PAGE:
Writing this 24 hours or so after I first read it, it seems like almost everyone I know has read Emily White’s ‘I Never Owned Any Music To Begin With’ post on NPR’s All Songs Considered blog. Even more people have probably read David Lowery’s reply and it is that post which seems to have generated more controversy, at least in the circles I’m aware of.
In regard to Ms. White, I must defer to Laura Snapes, who summed up much of my own thoughts on the post on her Tumblr this morning: Don’t “My Peers” Me. I feel little to no association with Emily White and her depiction of our “generation” (we are the same age), not because I don’t download music for nothing, I do, but because I feel properly guilty every time something I haven’t paid for or been given lands on my hard drive. I know it’s wrong and I’m trying to wean myself off it. It’s a slow process but I am glad to say I’m making progress. I hope that within the next couple of months, I will have stopped entirely.
Obviously a lot of this is possible because I get sent albums to listen to all the time and pretty much anything I’m interested in otherwise is streaming from Bandcamp/Soundcloud anyway. This is, as Sean Adams pointed out on his Tumblr this morning, the main perk of being involved on a very low level with the music media. Believe me, no one at the low level I - or indeed Emily White - work at is in this for the money. There’s a whole other story to be told about injustice towards interns and the amount of free work they’re expected to do (in loads of industries, not just the music biz), but this is not the time or place.
White’s entire post is, as Douglas McGowan put it, “fascinatingly naive”. McGowan’s post hits a very personal nerve for me, being somewhat in charge of an organisation-of-one masquerading as a record label. Obviously McGowan has put a lot of time, money and effort into his label and his attempt to keep it going is serious food for thought for anyone who thinks “old music” equals “free music”.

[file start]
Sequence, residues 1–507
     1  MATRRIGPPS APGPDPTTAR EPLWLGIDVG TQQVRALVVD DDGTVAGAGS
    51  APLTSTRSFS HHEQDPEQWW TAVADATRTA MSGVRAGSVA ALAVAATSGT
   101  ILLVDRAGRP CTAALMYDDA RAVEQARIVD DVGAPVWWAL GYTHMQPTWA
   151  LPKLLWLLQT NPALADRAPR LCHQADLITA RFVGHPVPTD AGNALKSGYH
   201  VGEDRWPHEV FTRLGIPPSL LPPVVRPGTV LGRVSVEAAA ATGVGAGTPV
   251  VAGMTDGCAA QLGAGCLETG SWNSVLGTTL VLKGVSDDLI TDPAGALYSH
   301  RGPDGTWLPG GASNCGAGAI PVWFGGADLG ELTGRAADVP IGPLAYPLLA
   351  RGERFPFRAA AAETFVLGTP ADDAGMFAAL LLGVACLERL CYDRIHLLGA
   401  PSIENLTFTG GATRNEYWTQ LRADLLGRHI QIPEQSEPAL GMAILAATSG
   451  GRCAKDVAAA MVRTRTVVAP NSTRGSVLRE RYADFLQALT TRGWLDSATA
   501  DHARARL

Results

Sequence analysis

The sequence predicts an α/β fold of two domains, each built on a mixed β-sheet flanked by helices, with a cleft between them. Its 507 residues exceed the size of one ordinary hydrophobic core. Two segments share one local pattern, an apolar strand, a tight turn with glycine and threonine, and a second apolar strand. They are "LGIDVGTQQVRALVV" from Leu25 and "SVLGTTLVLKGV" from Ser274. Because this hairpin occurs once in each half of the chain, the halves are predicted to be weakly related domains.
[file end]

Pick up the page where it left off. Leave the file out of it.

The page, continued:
As Laura points out, Mr. Lowery is similarly quick to write off anybody under the age of 30. I’ve seen an awful lot of reaction to Lowery’s post, mostly in Facebook comments and such. Reactions have varied hugely, from unquestioning support to total disregard and accusations of materialist greed. I’m going to come straight out and say I do support his overall argument: you should pay for the music you own. His invocation of Vic Chesnutt and Mark Linkous might seem over the top but, after reading some comments by James Jackson Toth (of Wooden Wand) on Facebook, I’m thinking maybe they’re pretty accurate. Toth said that all musicians in his part of the industry (i.e. the ultra-DIY, hard-working, 100% independent part of it) are making less money now than they were ten years ago.
From speaking to a lot of artists trying to work and make enough to get by, I know it’s pretty hard to argue with Toth’s assertions. Things aren’t getting any easier for anybody really. The idea that live music will somehow replace record sales has long been proven false in practice. The money you can make from live performance is falling all the time, especially if you live in smaller cities or say, on an island…
On a personal level, well over 100 people came to a free launch gig last Friday night for four new releases on my label. 12 people bought something. All the releases on the label are pay-what-you-want on Bandcamp, very few people ever pay anything and that’s ok, it’s their choice. I don’t think it should be necessary to make downloads free but, especially in the light of the Richter Collective’s folding, it’s just the way things are here and I have no idea how to change that.
I don’t really know what to add to what’s been said already, the whole thing is a giant mash of ethical, financial and personal values that is not ever going to be fairly solved. All I can really say is that for me, illegal downloading will have to stop. It’s a personal decision and one I’ll have to stand by if I’m going to attempt to make some sort of living working with independent music in some way. I am interested in the cottage industry, the idea that you can build something personal over time. Doing that in this industry will mean selling records. How can I sell records if I don’t buy them?
I am not interested in convenience, I am interested in fairness. If I am to say that and mean it, I have only one option.